Spoiler alert: If you have not watched this series and intend to, do not read this.
I binge-watched Downton Abbey. Six seasons in two weeks, give or take, while my husband was fishing. As most of you know, this is a completely different experience from watching one hour a week for six years. I was immersed, and could therefore follow storylines very closely. Perhaps too closely.
These are some of the things I learned about a television series that captured the imaginations of pretty much everybody who watched it. We want to learn from the winners.
- The Upstairs people had ridiculous problems, and many of the characters were annoying in their lack of self-awareness. When Mary was on the screen, I went to the kitchen for another cup of coffee, or leafed through a magazine. She grated on me.
- The opposite of Mary was the Dowager Countess. Loved her. Love Maggie Smith in anything, but in this series, she had the best lines and the best facial expressions.
- The Upstairs men were all stupid, and the women surreptitiously controlled everything. I kind of enjoyed this subplot, as His Lordship Earl of Grantham was the big cheese, but never did anything productive in his life except lose his wife’s fortune and love his dog. Her Ladyship the Countess of Grantham knew what was what and took care of business, at least as much as her headstrong daughters would allow.
- The Downstairs people were fascinating. I loved every one of them, even the sinister Thomas Barrow, who became not only sympathetic, but eventually redeemed himself. This was a plot line that worked very well for me through the entire series.
- The relationship between the Housekeeper, Mrs. Hughes and the Butler, Mr. Carson (he was fantastic!) charmed me. Ditto the relationship between the Cook, Mrs. Patmore, and her assistant Daisy.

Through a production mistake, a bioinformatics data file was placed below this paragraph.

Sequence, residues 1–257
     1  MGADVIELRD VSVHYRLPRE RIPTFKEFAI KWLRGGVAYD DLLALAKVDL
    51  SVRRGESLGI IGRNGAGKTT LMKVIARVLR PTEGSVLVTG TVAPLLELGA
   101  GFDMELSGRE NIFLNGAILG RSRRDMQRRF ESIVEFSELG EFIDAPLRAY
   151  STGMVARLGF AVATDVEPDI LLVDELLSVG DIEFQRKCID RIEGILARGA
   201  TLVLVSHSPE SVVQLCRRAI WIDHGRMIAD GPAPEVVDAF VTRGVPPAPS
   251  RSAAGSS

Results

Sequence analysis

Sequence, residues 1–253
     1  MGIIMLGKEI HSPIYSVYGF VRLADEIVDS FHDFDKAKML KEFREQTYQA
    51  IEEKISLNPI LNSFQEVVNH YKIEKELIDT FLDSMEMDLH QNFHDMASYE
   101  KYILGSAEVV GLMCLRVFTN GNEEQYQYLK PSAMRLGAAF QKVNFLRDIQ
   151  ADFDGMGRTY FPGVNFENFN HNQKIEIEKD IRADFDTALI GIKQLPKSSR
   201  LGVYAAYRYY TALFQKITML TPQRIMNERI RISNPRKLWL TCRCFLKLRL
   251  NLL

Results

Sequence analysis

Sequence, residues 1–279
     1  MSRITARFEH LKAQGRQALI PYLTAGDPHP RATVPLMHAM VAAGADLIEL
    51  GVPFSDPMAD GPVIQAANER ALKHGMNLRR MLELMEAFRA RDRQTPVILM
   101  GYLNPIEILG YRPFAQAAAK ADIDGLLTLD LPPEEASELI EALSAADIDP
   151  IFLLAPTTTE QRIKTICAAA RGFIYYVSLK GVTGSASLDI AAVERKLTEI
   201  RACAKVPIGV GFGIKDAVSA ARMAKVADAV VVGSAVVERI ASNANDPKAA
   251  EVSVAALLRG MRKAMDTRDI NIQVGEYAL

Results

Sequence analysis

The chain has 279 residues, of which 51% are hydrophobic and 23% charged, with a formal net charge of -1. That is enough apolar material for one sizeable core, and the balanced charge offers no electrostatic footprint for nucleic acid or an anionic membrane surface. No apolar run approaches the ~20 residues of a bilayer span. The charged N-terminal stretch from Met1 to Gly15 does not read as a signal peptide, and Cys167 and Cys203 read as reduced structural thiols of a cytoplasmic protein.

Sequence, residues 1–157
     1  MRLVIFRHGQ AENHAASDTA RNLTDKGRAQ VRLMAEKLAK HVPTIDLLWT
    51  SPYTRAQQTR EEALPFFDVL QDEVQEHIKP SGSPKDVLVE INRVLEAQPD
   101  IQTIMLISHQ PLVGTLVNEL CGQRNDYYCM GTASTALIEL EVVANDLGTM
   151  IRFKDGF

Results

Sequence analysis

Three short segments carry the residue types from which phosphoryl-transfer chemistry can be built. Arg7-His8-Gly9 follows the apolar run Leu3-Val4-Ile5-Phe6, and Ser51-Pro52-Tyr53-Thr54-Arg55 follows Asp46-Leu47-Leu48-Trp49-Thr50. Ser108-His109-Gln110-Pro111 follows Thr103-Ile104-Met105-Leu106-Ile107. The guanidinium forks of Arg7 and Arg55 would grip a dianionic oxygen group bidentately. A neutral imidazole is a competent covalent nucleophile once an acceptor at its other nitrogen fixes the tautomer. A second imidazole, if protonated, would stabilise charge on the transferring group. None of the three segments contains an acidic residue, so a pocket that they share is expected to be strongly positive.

- My heart was really with the poor Mr. Bates and his darling wife. They were adorable individually and together, and the genius of the show (their storyline was really what kept me interested) is that they were the absolute picture of truth, goodness, and beauty, and injustice kept falling on their heads. First, he’s in prison, then she’s in prison, for offenses they didn’t commit. Then they couldn’t marry. Then they could marry but couldn’t inherit his dead wife’s ill-gotten estate. Then they couldn’t have a baby, the only thing they really wanted. For some reason, the fact that the Upstairs people were fertile and ashamed of it while these sweet people kept miscarrying invoked an interesting series of emotions.
- The series lasted one year too long. The writers were reaching for storylines by the end.
So, what did I learn about fiction from this marathon binge?
- Visit continual and horrific injustices on the nicest people.
- Let evil people run their evil almost to the breaking point, and then make them pay with whatever is dearest to them.
- Reward good people for their good works, but do it with a light touch. Let the reader/viewer fill in the happy ending details. Remember, fiction is about conflict.
- Let those who are their own worst enemy reap the rewards of their own making.
- Let the wily old ladies steal the scene. And
- Don’t keep writing just because you love the characters. Know when to quit, put in a period and write “The End.”
I know, these are not new insights, nor are they earth-shattering revelations. But it’s always good to pick apart something that works and see what makes it tick.
And now a question for you: What did you learn about fictional characters by watching the series finale of The Good Wife?